In contrast to my lamentations on the lack of progress in technology, it is equally the paradoxical case that there is much technology in the world that we simply don’t see.

A Backdrop of Technology

Technology that works has a tendency to just seep into the background. If you have a reasonably modern smartphone, you use quite a lot of advanced AI technology every time you take a photo. The mechanics of pointing the camera at a subject (more often than not, a cat) and pushing the button, remain the same, but the process is completely different, not even the optics are really comparable to those in a film camera anymore. But the results, especially in challenging conditions, are incomparable – it’s almost impossible to take a photo that’s out of focus, incorrectly lit, has motion blurring or any of the other ailments the average holiday snaps from the film-age would suffer from. Few people think much about, if anything, there’s a challenge of dealing with an archive of photos numbering in the thousands: It’s just what cameras do.

Inevitably, a cat. Note the subtle hints of the Google Tensor chip.
Inevitably, a cat. Note the subtle hints of the Google Tensor chip.

Another example is driverless cars. Replacing drivers with AIs remains frustratingly over-promised and under-delivered: But new cars have adaptive cruise control, automatic braking, lane assist and sensors to aid in parking. All are the spoils, the “peace dividend”, of decades of work towards driverless cars, and more likely than not, employ a fair bit of AI to deploy, but we don’t really think of them as such, we don’t really marvel at driving an 80% self-driving car, nor do most drivers even reflect much on how much better this is than just a decade ago. It’s just what cars do.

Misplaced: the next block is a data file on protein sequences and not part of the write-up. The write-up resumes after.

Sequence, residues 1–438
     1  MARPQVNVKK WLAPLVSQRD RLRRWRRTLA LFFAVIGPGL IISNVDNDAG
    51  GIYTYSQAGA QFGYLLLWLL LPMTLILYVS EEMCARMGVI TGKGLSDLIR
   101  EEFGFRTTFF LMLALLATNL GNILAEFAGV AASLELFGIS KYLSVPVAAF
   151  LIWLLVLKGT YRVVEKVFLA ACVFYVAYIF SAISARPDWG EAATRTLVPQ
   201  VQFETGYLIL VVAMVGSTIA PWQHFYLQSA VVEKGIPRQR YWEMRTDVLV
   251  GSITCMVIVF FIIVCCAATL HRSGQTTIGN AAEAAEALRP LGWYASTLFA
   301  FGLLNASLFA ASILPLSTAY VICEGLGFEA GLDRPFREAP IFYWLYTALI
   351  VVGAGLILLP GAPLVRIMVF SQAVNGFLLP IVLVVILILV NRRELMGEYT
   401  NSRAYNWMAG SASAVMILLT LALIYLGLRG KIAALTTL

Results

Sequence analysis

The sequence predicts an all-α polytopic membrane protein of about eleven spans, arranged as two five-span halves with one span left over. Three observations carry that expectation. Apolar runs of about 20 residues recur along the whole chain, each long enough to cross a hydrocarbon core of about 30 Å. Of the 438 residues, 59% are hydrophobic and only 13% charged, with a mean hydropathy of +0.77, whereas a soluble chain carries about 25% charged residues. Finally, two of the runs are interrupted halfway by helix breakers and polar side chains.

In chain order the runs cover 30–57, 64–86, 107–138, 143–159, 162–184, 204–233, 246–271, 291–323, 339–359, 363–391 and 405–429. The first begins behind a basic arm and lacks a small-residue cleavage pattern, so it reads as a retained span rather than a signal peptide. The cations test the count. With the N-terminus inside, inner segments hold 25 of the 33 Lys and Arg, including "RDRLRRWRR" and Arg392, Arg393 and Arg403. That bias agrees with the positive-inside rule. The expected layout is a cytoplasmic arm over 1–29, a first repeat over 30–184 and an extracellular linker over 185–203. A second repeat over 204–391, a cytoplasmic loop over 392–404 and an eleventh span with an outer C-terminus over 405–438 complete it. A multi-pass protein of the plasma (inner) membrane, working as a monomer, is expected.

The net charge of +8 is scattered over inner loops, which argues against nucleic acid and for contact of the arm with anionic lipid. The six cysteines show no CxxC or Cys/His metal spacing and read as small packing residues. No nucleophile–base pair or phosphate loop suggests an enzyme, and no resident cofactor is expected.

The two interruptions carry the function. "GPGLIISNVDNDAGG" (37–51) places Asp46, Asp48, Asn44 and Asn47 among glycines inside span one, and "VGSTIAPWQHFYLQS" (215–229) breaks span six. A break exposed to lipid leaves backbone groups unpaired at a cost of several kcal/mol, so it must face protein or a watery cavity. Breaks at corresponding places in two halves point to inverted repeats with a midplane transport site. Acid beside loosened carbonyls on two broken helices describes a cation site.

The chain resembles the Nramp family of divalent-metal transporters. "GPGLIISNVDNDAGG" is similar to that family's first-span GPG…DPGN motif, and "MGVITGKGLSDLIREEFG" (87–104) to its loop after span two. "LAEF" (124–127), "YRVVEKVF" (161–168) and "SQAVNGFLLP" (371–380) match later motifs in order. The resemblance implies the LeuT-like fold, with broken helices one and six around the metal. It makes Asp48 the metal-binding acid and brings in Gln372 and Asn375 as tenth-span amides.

Into the Shadows

In a recent leaked memo from Google, the author laments that the firm has no moat around their LLM models. They had, as had OpenAI, assumed that being one of a few organisations in the world controlling the immense data centre resources required to train and run the largest LLMs such as Bard and GPT, they would be able to control the market, at least for a while.

No such luck: Meta’s LLaMA model leaked to the public, and in a matter of weeks, it was modified, hacked and tuned to run on consumer grade gear, and an explosion in applications appeared.

I’m quite sceptical that the outcome of the LLM-revolution will look very much like ChatGPT does today. Outside of a handful of specific situations, speaking to a computer does not seem like a terribly useful interface.

However, the awesome power demonstrated by LLMs will make its way into an immense range of applications. This is another important point the memo makes: A relatively small model, trained on a modest data set of high quality for a specific purpose is more powerful than a huge, general purpose model applied to the same purpose.

Expect to see a lot of interesting developments in the near future. But equally expect, ironically, to not see them.